HAMDEN, Conn. (BVM) — It’s been quite the journey for former Quinnipiac men’s basketball player Travis Atson. Facing numerous obstacles in his career Atson’s basketball career up to this point has been a great achievement.
Playing basketball for five different teams in his seven-year career in the United States and Austria, one would think Atson would have enough adversity to overcome. But Atson would have to conquer a lot more as he would experience two car accidents and two torn ACL’s.
Atson’s first ACL tear happened before he even stepped foot on a college basketball floor. He tore his ACL in eighth grade at the age of 14. This presumably kept him out of his entire freshman year in high school.
The first devastating ACL injury that Atson experienced at a young age was just a glimpse of the adversity Atson endured in his career. Atson vividly remembers the moment he tore his ACL for the first time in his young career.
“The first ACL that I tore I was playing at nationals down in Florida,” Atson said. “Me and my teammates were on a roll in the sweet 16 when the injury happened. I remember I was driving baseline for a layup, my left leg popped out and popped back in.”
Atson’s road to recovery from the first ACL tear was grueling, as he had to rehab three times a week during his freshman year of high school. However, the first injury was a wakeup call for him. He didn’t look back after the first injury occurred, and continued to persevere in his basketball career.
Following his freshman year in high school where he sat out due to the torn ACL, Atson thrived on the basketball court injury-free in his last three years on the varsity team in high school. He parlayed that success into accepting an offer to play basketball at Tulsa University.
In 22 games for the Golden Hurricane men’s basketball team, Atson averaged 1.6 points and 1.0 rebounds. The native New Yorker only started 3 games with the Hurricanes, prompting him to transfer to Quinnipiac University after playing just one season with Tulsa.
In 2017-18, Atson took a redshirt season as a freshman at Quinnipiac due to NCAA transfer rules. This was supposed to just be a year in which Atson could just work on his craft and become a better basketball player. Until tragedy struck again.
The worst possible outcome became a reality again, as Atson suffered another torn ACL in his right knee that sidelined him 6-8 months. The injury occurred in practice, in a season where Atson wasn’t playing as a redshirt freshman.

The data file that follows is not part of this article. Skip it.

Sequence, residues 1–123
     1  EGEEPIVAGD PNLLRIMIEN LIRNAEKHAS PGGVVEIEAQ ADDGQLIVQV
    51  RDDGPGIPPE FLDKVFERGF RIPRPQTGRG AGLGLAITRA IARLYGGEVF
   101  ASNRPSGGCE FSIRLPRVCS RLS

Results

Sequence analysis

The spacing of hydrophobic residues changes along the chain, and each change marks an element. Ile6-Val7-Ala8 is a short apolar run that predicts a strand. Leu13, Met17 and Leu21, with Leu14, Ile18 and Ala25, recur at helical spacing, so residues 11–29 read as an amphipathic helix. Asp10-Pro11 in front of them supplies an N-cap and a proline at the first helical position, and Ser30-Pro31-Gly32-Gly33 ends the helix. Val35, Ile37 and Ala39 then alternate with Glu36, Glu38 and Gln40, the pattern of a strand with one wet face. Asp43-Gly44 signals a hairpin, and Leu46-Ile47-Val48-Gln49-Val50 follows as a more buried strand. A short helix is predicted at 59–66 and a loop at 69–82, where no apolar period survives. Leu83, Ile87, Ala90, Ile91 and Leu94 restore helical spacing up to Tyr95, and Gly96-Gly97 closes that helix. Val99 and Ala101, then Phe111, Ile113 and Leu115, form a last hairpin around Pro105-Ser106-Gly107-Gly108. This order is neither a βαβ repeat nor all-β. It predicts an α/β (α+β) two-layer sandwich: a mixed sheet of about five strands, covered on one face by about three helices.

Despite suffering a catastrophic knee injury for the second time, the former Bobcat was adamant that he was going to come back stronger than ever.
“The second time I tore my ACL, it was pretty tough,” Atson said. “I kept trying to tell myself that it wasn’t my ACL because I’ve been through this process before. But there was no real doubt in my mind that I was going to come back, because I know I did it in the past, and I knew I was capable of doing it again.”
Atson knew he was going to overcome the second ACL tear, but he acknowledged that the second ACL tear forced him to adjust and modify his entire game.
“My whole life I was a slasher who tried to get to the basket, be quicker than everybody and dunk on people,” Atson said. “Now, I’m a lot slower, and just don’t have the same quickness as I once had. So, now I’ve become more of a knockdown shooter.”
Coming off his second torn ACL, Atson made his debut with the Bobcats in 2018-19 as a redshirt sophomore. In a limited role off the bench, the swingman averaged 5.3 points and 3.4 rebounds in 18 minutes.
Although he only played in a limited capacity a year after being removed from the ACL injury with the Bobcats, the big silver lining was that Atson stayed healthy throughout the year. He was also just starting to get his legs under himself in his first full season with the Bobcats.
Nonetheless, after just one season with the Bobcats, the 6-foot-5 wing transferred to St. Francis Brooklyn College as a graduate student to play basketball for the Terriers. While this was supposed to be another fresh start with another program, adversity came to fruition again for Atson.
Just before his first season at St. Francis Brooklyn, Atson got into a car accident with his friend. This was Atson’s second car accident he’s encountered in his life. In this accident, he didn’t think he suffered any type of injury at first, but his ankle acted up weeks later.
“When I went through this accident, I wasn’t driving so I was like I’m fine,” Atson said. “Then two weeks later, I twisted my ankle. Like there was a weird popping in my ankle and I ended up fracturing my ankle.”
Due to the fractured ankle, Atson was forced to sit out his first year with St. Francis Brooklyn in 2019-20. After yet another obstacle of getting hurt, Atson was finally ready to play for his hometown team in 2020-21.
In his first healthy season for the Terriers in 2020-21, the Brooklyn native dominated in his hometown like a champion. The versatile guard/forward averaged 14.8 points, 2.0 assists and 6.7 rebounds in 30 minutes per game.
Flourishing for your hometown as a player and overcoming a multitude of injuries feels like a dream come true for anybody. But for Atson, it got even better after his last season for St. Francis Brooklyn.
Atson is currently playing professional basketball in Austria for a team called the Unger Steel Gunners. Not only is he thriving overseas, but he is defying the odds as a player who went through the ultimate amount of adversity anybody can imagine.
Overcoming any sort of adversity can be tough for a person or an athlete. For Atson he isn’t looking back. He doesn’t hold any regrets, and is looking to make the most out of his current situation.
“You can’t change the past, so I just try to make the best out of my current situation,” Atson said. I am a professional basketball player now, so even after all those injuries, I can say it all worked out in the end.”